Future’s set at Outside Lands wasn’t good, but maybe that doesn’t matter

Outside Lands/FilmMagic.com/Courtesy
Outside Lands / FilmMagic.com / Courtesy

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By now, it’s no secret that a statistically significant portion of the world’s biggest rappers have no idea whatsoever of how to put on a good live show. The thrill of paying a visit to one of their shows stems more from being in the presence of someone so ubiquitous than it does from any aspect of their performance or stage presence. At his Saturday night set at Outside Lands, Future proved himself to be very much an adherent to the rule, rather than an exception.

Although Future wasn’t technically one of the festival’s major headliners, a crowd sprawled across Hellman Hollow just to see him that night, reaching so far back that to even catch a glimpse of the rapper on one of the many screens that surrounded the stage must have been a feat for some. Again — it doesn’t matter so much whether the rapper puts on a good show or is even visible, as long as they are present to wave the crowd through their greatest hits.

Standing under a background whose pink-violet glow was reminiscent of the DS2 album artwork, Future began to run through some of his greatest hits. While his backdrop may have come straight from DS2, the rapper maintained a healthy balance between hits from each of his latest albums, not shying away from material from his collaborative mixtapes either.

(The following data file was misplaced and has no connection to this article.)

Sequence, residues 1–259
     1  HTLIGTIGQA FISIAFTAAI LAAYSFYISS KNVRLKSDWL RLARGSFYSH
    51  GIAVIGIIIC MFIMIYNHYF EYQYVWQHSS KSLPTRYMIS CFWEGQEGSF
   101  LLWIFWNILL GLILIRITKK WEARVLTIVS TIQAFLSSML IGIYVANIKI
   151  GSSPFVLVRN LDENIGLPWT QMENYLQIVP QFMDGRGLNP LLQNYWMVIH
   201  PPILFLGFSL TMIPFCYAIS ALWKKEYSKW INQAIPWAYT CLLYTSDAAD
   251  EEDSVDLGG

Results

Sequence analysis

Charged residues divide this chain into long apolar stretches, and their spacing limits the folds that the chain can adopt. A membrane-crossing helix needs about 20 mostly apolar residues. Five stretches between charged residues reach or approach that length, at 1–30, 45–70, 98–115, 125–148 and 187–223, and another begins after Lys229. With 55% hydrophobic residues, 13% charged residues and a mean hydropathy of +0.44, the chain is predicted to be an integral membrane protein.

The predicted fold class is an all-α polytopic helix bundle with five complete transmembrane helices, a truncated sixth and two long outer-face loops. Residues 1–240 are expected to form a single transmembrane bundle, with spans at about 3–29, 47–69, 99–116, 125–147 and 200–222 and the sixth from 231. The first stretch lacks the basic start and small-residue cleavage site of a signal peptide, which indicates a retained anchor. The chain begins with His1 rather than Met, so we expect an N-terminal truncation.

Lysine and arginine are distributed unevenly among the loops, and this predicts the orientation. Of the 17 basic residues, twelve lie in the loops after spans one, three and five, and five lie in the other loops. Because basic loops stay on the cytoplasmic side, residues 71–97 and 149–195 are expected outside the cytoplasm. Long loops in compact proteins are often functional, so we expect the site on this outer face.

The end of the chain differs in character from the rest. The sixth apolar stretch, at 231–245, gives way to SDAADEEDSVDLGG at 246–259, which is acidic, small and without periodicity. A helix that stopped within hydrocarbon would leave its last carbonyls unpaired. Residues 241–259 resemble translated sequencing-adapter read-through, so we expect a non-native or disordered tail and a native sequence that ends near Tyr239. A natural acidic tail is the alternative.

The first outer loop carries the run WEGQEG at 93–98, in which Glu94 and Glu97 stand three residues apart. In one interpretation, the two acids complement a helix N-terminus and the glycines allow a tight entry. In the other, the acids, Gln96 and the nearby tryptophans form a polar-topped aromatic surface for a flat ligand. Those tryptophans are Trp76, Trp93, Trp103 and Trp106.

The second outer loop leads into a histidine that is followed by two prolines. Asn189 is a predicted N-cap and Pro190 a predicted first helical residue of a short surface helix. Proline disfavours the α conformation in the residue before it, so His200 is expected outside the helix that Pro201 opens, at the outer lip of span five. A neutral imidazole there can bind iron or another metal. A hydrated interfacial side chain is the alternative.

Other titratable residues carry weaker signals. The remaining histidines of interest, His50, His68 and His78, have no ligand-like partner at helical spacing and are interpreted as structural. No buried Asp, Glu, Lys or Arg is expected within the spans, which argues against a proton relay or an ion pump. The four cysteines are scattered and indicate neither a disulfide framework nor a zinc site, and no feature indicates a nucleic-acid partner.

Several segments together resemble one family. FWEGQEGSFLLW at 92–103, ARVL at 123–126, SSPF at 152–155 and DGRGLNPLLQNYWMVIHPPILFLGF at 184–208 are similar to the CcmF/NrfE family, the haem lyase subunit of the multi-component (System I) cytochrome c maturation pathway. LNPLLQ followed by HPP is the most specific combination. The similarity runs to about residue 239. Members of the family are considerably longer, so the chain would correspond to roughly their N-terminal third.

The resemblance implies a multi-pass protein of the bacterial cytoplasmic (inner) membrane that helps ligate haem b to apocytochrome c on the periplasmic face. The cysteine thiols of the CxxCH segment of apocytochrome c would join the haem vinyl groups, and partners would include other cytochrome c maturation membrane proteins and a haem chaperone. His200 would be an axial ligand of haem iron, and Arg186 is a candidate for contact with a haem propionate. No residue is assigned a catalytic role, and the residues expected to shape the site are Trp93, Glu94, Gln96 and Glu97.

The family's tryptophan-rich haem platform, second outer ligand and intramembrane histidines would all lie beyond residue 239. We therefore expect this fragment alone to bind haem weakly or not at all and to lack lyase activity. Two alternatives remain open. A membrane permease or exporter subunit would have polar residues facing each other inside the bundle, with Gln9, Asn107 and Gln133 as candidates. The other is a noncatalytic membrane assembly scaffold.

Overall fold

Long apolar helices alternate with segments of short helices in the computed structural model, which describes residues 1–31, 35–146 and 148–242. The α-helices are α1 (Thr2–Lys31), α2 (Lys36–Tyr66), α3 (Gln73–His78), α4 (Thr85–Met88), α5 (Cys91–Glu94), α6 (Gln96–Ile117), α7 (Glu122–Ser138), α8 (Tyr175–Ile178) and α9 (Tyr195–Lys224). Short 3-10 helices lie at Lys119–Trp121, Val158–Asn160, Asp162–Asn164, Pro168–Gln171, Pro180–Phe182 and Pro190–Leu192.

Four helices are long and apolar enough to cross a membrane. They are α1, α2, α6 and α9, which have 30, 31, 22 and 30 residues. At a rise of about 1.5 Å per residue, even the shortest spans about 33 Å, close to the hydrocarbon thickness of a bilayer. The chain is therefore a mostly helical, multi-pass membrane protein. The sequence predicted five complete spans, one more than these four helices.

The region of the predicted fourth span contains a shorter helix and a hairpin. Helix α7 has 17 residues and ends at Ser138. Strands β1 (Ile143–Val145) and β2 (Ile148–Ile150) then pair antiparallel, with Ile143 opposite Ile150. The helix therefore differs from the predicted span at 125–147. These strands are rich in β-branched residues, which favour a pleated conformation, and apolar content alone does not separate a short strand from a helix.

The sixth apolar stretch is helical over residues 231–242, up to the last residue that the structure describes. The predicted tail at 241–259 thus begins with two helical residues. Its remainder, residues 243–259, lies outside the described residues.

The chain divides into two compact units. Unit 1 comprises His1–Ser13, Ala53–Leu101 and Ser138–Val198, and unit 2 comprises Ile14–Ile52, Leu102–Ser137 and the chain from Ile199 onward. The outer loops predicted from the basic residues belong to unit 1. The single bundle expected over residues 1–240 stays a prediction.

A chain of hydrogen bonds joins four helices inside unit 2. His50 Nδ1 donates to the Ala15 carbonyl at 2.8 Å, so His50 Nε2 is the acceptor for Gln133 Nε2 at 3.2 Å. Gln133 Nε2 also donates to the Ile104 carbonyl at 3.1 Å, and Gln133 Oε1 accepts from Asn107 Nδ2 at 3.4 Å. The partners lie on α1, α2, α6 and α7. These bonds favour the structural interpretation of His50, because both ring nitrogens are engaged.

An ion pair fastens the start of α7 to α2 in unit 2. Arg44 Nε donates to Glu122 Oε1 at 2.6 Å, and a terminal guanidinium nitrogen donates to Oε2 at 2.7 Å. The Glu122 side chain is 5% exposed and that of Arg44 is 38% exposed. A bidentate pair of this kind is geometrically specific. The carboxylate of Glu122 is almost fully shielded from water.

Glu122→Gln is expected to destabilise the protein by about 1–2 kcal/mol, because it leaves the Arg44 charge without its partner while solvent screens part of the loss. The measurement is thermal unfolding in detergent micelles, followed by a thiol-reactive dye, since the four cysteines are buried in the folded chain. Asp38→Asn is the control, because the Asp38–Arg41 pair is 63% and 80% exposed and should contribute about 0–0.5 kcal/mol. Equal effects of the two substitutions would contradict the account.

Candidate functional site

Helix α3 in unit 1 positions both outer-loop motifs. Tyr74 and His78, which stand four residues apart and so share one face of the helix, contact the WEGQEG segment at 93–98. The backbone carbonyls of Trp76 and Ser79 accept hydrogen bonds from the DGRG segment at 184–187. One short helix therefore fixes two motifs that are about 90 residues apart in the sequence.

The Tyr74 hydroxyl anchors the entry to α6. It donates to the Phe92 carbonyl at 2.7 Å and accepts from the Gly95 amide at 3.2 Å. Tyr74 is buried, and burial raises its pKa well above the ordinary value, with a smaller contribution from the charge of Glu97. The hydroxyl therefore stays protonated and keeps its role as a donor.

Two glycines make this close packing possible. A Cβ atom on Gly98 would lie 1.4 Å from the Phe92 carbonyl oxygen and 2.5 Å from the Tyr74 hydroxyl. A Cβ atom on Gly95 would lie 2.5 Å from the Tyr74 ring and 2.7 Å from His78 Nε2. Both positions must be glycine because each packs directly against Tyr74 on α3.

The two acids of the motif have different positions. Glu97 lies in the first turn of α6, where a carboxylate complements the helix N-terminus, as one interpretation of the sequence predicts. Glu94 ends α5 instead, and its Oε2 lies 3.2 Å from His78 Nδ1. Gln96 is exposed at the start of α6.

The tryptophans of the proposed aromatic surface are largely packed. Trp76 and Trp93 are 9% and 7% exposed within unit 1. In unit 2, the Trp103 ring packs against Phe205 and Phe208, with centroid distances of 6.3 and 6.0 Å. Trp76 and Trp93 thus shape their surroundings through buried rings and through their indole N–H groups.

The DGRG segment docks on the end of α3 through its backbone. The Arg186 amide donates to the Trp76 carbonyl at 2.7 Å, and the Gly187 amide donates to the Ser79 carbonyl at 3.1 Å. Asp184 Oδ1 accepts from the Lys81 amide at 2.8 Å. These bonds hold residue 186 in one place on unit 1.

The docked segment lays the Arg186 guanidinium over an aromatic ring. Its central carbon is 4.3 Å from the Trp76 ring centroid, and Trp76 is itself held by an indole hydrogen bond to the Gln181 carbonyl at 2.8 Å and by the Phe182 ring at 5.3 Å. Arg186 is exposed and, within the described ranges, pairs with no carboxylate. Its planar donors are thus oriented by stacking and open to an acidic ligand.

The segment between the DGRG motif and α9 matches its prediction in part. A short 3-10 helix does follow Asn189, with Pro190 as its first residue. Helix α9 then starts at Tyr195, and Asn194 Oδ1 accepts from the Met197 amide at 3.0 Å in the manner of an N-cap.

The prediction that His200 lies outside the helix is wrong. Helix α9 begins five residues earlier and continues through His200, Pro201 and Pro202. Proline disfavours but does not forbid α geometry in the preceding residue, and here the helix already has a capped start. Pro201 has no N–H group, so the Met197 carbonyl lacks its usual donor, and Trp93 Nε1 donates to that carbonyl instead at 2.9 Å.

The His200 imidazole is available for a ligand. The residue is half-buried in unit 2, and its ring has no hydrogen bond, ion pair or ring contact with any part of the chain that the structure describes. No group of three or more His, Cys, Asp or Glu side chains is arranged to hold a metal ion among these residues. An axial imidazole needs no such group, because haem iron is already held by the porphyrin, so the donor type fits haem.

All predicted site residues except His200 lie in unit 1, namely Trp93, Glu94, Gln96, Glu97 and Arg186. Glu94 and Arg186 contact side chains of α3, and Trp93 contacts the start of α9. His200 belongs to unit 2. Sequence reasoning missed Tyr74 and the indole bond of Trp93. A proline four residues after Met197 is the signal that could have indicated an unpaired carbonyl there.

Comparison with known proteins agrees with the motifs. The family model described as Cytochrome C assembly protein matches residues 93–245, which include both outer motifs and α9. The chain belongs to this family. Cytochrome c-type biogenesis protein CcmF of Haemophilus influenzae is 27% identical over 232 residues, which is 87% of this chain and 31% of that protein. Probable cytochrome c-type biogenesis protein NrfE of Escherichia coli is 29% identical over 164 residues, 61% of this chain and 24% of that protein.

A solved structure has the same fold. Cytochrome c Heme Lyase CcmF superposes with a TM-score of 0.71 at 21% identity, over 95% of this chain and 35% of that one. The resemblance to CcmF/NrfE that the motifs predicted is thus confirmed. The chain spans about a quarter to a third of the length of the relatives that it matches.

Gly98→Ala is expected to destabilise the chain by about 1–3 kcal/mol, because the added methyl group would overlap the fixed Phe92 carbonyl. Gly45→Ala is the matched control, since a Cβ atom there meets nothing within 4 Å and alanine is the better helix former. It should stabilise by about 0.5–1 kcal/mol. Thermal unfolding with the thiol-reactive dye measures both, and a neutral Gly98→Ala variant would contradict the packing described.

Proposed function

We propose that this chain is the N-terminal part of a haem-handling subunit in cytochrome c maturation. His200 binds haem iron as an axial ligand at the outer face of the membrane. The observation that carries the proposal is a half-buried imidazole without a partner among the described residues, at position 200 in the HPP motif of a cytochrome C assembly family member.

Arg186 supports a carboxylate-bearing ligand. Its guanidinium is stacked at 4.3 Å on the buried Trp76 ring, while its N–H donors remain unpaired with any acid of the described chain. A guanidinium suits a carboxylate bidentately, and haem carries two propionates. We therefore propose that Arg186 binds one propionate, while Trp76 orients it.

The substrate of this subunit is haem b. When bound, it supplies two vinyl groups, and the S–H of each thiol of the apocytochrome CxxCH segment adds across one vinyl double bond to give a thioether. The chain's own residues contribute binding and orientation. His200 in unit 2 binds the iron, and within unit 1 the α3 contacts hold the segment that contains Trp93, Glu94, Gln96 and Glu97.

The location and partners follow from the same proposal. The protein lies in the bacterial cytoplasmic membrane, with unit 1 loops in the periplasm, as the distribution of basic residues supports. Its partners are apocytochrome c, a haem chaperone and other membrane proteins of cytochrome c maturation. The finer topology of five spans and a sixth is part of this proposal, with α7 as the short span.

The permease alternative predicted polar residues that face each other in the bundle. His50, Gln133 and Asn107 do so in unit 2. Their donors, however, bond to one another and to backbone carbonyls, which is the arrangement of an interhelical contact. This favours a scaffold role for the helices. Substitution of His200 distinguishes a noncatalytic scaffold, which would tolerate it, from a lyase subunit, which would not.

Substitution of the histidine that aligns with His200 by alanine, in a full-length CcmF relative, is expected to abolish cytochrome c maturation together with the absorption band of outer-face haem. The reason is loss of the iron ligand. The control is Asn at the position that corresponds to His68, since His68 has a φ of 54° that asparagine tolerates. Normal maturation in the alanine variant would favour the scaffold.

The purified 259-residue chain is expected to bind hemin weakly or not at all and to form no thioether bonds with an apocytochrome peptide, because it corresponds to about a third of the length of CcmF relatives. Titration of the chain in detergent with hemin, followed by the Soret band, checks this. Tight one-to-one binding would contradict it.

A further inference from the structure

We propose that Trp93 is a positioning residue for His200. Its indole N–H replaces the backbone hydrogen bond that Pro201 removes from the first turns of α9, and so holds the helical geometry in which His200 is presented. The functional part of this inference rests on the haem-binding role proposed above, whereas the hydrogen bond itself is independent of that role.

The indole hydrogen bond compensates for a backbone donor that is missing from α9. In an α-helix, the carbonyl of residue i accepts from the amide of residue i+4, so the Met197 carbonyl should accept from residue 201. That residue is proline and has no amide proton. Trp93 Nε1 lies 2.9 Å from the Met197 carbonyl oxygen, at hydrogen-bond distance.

The problem with performing collab-heavy material is that it takes a performer with more than a few tricks up their sleeve to maintain a sense of marvel even when the backing track kicks in. Unfortunately, Future had an alarming scarcity of tricks up his sleeve. Beyond himself and a DJ, only two dancers occupied the stage. While they certainly stole the show, it’s hard to say whether it was by their own merit or because Future set the bar so low. To be fair, each dancer seemed quite skilled on his own, but each totally lacked coordination, both with the other dancer and with Future himself. It was a clumsy addition to what was already a hot mess of a show. Thankfully, this didn’t seem to matter to the audience — as long as Future was onstage, all was well.

Future’s attempts to engage the crowd may have been feeble by any measure, but these moments proved to be some of the strongest of his set. It wasn’t his saying or doing anything truly original to rouse the crowd that was so effective — he quite rarely went beyond alternating between addressing the crowd as “Bay Area” and “West Coast.” It was his star power, rather than his power to command the stage, that made every hand in the crowd shoot up when Future said, “All my lowlifes for life, put your hands up right now,” as he introduced “Low Life,” his song with The Weeknd.

What followed was disappointing — some more halfhearted raps delivered by Future, who occasionally found it within himself to move up and down the stage, and of course, more out-of-sync dancing around him. And as per usual, in what had by this point become quite an unsurprising turn of events, the crowd ate it up.

At the end of the day, if nothing else, Future’s set came to serve as some sort of proof that being a big name might matter more to festivalgoers seeking a good time before heading out for the night than being a skilled and seasoned performer. Ultimately, even if Future had rapped, sang and performed his heart out, the audience’s reaction would have been much the same, so why bother putting in any more effort than is absolutely necessary?

Sannidhi Shukla covers music. Contact her at [email protected]. Tweet her at @sannidhishukla.